Broadband Equity NOW! (BEN) is coordinating preliminary activities by the Community College of Vermont, Vermont Tech, CAP agencies, United Way of NW VT, Vermont 211, Equal Access Broadband and others to assure that the Broadband Corps is “shovel ready”, if approved by the legislature, along with the needed temporary subsidies.

Paul Dragon, CEO of The Champaign Valley Office of Economic Opportunity, says: “At CVOEO access to services and care is the most important thing we do. If we do not increase accessible, low-cost broadband, we cannot further our efforts to educate our Head Start students, create new businesses through our micro-business development program, educate and advocate in our housing programs or increase food access in the Champlain Valley. Without improving access for all populations, public health disparities and economic gaps will persist, widen and deepen. Access to broadband is a social justice and public health issue.”

Tuesday is the first day of testimony in Senate Finance Committee on S.118 and H.360 which is the House bill about broadband construction funds.  Evslin says “the planned expansion should happen but even the most optimistic plans for building fiber optic networks leave families at the end of the road waiting at least another five years for service.  A student entering high school today whose family doesn’t have broadband may still not have service when she graduates. She will not get a full education. She will not be prepared for the online workplace she’ll soon be entering. Her family needs the opportunity to get connected now.”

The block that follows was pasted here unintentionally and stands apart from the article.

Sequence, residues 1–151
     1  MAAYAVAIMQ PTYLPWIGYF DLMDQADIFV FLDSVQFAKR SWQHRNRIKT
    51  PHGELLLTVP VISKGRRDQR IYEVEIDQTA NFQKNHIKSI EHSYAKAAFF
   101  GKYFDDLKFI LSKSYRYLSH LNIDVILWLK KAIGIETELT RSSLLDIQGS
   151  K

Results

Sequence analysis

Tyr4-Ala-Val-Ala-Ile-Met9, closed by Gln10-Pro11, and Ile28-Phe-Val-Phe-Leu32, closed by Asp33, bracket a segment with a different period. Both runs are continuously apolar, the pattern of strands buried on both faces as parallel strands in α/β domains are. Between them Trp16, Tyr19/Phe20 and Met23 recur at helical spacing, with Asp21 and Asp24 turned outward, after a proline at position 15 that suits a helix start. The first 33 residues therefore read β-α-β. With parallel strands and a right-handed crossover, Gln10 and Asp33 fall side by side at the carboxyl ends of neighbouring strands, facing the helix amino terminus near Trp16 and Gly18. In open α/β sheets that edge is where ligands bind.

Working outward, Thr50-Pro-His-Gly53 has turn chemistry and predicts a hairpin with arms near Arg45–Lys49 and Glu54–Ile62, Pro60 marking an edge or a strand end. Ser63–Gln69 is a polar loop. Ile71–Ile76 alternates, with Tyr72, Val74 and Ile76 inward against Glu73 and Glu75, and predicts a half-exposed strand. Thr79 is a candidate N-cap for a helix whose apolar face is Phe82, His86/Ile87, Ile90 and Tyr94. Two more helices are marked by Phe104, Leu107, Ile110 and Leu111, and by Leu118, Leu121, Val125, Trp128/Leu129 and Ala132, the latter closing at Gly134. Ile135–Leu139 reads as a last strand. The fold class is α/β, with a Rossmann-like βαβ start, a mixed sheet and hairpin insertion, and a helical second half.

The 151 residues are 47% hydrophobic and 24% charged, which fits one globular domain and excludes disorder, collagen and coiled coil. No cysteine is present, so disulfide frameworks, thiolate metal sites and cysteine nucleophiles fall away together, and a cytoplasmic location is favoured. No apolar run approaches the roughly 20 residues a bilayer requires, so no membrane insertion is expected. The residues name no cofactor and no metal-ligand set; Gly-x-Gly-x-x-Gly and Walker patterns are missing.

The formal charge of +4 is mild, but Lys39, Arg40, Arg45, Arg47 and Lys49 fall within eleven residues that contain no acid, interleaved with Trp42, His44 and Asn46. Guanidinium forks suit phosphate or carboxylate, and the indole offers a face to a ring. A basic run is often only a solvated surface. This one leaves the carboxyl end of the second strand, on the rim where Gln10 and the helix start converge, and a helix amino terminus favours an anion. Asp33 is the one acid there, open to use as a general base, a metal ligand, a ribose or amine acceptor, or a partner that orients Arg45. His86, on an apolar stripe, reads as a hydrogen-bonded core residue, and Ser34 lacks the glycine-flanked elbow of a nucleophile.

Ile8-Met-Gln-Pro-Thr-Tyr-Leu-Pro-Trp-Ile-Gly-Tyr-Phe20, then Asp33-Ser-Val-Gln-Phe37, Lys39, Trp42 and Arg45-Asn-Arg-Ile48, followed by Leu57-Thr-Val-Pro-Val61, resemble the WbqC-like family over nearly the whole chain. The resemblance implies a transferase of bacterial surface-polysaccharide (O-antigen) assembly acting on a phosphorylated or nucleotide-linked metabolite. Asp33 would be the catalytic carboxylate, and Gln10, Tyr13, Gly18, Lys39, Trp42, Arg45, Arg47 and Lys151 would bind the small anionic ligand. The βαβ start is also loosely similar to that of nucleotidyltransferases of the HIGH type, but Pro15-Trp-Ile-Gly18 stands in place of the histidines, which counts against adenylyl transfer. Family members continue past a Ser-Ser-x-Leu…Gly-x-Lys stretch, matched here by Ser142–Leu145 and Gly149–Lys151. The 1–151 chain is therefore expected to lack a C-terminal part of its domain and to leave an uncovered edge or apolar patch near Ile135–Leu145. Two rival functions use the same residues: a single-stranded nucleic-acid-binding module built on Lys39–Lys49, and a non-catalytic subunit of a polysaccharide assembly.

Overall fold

According to BEN as many as 50,000 Vermont families don’t have the broadband they need because they either can’t afford it or don’t know how to get hooked up and what low-cost plans are available to them. Some of them live in areas where ISPs have affordable low-income plans. They only need help from the Broadband Corps to find a provider and demonstrate their eligibility. Others live in places where hookups can range from $100 to $600 and where monthly charges for acceptable service can be up to $125/month. They need financial help to get online now.